The piston-rod P, Q, Figure 7, is divided or forked, so as to leave room for the motion of the extremity of the crank R. The said rod drives a cross-piece at Q backward and forward between guides, and this cross-piece, by means of the bar Q, R, gives motion to the crank with its fly F, and to two wheels T, T, upon the crank axis, which lock into two correspondent wheels U upon the naves of the large wheels of the carriage itself. The wheels T are fitted upon round sockets, and receive their motion from a striking box or bar S, X, which acts upon a pin in each wheel. S, Y, are two handles, by means of which either of the striking boxes S, X, can be thrown out of gear, and the correspondent wheel W by that means disconnected with the first mover for the purpose of turning short or admitting a backward motion of that wheel when required. But either of the wheels W, in case of turning, can be allowed considerably to overrun the other without throwing S, X, out of gear, because the pin can go very nearly round in the forward motion before it will meet with any obstruction. The wheels U are most commonly fixed upon the naves of the carriage-wheels W, by which means a revolution of the axis itself becomes unnecessary, and the outer ends of the said axis may consequently be set to any obliquity, and the other part fixed or bended, as the objects of taste or utility may demand. The fore wheels are applied to direct the carriage by means of a lever H, and there is a check-lever which can be applied to the fly, in order to moderate the velocity of progression while going down bill.

In the vertical section, r, u, denotes a springing lever, having a tendency to fly forward. Two levers of this kind are duly and similarly placed near the middle of the carriage, and each of them is alternately thrown back by a short bearing lever S, t, upon the crank axis, which sends it home into the catch u, and afterwards disengages it when the bearing lever comes to press upon V, in which case the springing lever flies back. A cross-bar or double handle o, p, is fixed upon the upright axis of the cock, from each end of which said cross-bar proceeds a rod p, q, which is attached to a stud q, that forms part of the springing lever r, u. This stud has a certain length of play, by means of a long hole or groove in the bar, so that when the springing lever r, u, is pressed up, the stud slides in the groove without giving motion to p.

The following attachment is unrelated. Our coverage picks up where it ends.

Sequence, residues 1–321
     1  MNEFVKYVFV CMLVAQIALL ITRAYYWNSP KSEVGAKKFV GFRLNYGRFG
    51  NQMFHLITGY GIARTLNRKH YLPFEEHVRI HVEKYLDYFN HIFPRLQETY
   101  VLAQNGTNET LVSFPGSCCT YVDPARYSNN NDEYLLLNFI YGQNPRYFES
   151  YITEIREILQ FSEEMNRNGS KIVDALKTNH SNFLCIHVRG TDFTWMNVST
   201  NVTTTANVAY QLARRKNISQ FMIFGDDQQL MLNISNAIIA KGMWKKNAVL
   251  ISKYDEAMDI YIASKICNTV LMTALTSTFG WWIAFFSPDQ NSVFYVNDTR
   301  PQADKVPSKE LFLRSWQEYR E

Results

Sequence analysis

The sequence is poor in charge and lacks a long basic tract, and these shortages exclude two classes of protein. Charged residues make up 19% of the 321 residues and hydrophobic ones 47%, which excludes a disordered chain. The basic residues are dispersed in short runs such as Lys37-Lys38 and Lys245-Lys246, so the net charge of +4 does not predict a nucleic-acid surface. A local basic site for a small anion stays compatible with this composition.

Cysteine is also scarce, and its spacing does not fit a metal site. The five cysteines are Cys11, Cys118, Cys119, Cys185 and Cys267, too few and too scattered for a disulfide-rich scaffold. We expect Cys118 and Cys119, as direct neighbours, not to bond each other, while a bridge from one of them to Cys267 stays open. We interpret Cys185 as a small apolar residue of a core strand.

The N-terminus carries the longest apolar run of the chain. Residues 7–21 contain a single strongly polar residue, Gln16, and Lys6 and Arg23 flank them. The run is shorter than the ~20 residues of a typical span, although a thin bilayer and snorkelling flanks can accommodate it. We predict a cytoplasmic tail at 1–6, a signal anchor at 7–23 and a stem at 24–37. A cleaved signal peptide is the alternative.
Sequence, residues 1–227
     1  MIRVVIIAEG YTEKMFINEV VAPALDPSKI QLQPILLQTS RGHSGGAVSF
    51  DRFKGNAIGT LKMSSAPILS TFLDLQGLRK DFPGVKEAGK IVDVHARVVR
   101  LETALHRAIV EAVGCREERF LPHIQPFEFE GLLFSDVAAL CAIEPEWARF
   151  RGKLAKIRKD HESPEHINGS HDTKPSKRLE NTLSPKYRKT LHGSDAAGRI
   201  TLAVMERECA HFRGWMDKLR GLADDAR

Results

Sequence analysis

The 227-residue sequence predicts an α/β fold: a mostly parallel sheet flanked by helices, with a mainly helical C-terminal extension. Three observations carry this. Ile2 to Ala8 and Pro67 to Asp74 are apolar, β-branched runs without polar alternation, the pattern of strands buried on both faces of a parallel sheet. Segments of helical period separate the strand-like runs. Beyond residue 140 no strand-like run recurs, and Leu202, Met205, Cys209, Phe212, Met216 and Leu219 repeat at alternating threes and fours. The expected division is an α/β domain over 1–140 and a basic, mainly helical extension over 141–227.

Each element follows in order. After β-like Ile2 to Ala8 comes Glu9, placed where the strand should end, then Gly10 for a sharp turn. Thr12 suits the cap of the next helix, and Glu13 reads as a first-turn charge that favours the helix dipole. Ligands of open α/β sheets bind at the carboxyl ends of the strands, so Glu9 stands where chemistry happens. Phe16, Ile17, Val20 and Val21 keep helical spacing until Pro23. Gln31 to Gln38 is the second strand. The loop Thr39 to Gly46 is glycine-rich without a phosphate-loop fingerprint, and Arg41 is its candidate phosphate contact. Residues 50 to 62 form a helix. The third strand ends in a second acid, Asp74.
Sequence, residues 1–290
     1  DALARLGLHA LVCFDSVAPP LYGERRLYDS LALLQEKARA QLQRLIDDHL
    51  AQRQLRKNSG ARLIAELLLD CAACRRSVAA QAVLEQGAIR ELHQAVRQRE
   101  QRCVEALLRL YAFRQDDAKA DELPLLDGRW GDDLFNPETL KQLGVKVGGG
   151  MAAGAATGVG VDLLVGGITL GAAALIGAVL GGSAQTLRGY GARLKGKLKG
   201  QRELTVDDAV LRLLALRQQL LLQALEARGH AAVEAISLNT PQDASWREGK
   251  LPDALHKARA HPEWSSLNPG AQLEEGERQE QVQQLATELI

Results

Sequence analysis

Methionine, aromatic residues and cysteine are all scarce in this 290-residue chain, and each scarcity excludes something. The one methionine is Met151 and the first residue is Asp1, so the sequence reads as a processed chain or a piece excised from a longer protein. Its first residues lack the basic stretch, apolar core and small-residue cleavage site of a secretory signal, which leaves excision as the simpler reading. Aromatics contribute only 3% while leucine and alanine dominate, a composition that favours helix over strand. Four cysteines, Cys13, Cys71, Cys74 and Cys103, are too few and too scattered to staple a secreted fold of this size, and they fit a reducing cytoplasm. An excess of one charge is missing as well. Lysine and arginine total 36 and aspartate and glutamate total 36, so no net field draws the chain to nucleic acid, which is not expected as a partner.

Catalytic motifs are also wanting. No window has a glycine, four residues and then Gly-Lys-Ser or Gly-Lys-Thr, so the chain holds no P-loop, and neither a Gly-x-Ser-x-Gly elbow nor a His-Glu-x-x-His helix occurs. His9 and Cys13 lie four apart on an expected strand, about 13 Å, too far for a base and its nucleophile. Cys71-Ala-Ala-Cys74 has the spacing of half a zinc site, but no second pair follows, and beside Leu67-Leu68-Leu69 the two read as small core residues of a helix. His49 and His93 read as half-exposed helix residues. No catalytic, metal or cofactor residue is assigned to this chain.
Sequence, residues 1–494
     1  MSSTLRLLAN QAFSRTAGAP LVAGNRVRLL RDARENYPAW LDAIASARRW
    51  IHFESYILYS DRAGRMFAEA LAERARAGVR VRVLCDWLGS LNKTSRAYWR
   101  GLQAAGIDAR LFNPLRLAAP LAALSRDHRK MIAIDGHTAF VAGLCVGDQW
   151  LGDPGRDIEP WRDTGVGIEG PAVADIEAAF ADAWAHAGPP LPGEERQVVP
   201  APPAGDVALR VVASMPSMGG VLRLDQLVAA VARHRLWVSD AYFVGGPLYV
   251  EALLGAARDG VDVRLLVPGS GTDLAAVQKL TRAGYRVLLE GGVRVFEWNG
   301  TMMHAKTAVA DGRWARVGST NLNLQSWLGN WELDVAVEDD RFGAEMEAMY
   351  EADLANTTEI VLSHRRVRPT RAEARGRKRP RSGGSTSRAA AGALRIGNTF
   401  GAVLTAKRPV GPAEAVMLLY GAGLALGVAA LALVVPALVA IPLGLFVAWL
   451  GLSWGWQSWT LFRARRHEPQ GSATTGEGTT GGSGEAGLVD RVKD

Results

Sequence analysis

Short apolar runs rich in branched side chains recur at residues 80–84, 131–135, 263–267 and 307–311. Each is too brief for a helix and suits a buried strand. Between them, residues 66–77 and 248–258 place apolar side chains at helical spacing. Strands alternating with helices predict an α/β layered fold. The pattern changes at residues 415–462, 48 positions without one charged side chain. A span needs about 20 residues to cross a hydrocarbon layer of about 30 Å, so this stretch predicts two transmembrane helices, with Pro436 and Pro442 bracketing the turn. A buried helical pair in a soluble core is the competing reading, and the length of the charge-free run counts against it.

When the other springing lever is disengaged, it draws the opposite end of p, o, by which means p draws the long hole at q, up to its bearing against the stud, ready for the letting off of that first-mentioned springing lever. When this last-mentioned lever comes to be disengaged, it suddenly draws p back, and turns the cock one quarter turn, and performs the like office of placing the horizontal rod of the other extremity of p, o, ready for action by its own springing lever. These alternations perform the opening and shutting of the cock, and to one of the spring levers r, u, is fixed a small force-pump w, which draws hot water from the case by the quick back-stroke, and forces it into the boiler by the stronger and more gradual pressure of S, t. It is also to be noticed, that we do occasionally, or in certain cases, make the external periphery of the wheels W uneven, by projecting heads of nails or bolts, or cross-grooves, or fittings to railroads when required and that in cases of hard pull we cause a lever, bolt, or claw, to project through the rim of one or both of the said wheels, so as to take hold of the ground but that in general the ordinary structure or figure of the external surface of these wheels will be found to answer the intended purpose. And, moreover, we do observe and declare, that the power of the engine, with regard to its convenient application to the carriage, may be varied, by changing the relative velocity of rotation of the wheels W, compared with that of the axis S, by shifting the gear or toothed wheels for others of different sizes properly adapted to each other in various ways, which will readily be adopted by any person of competent skill in machinery. The body of the carriage M may be made of any convenient size or figure, according to its intended uses.

And lastly, we do occasionally use bellows to excite the fire, and the said bellows is worked by the piston-rod or crank, and may be fixed in any situation or part of the several engines herein described, as may be found most convenient."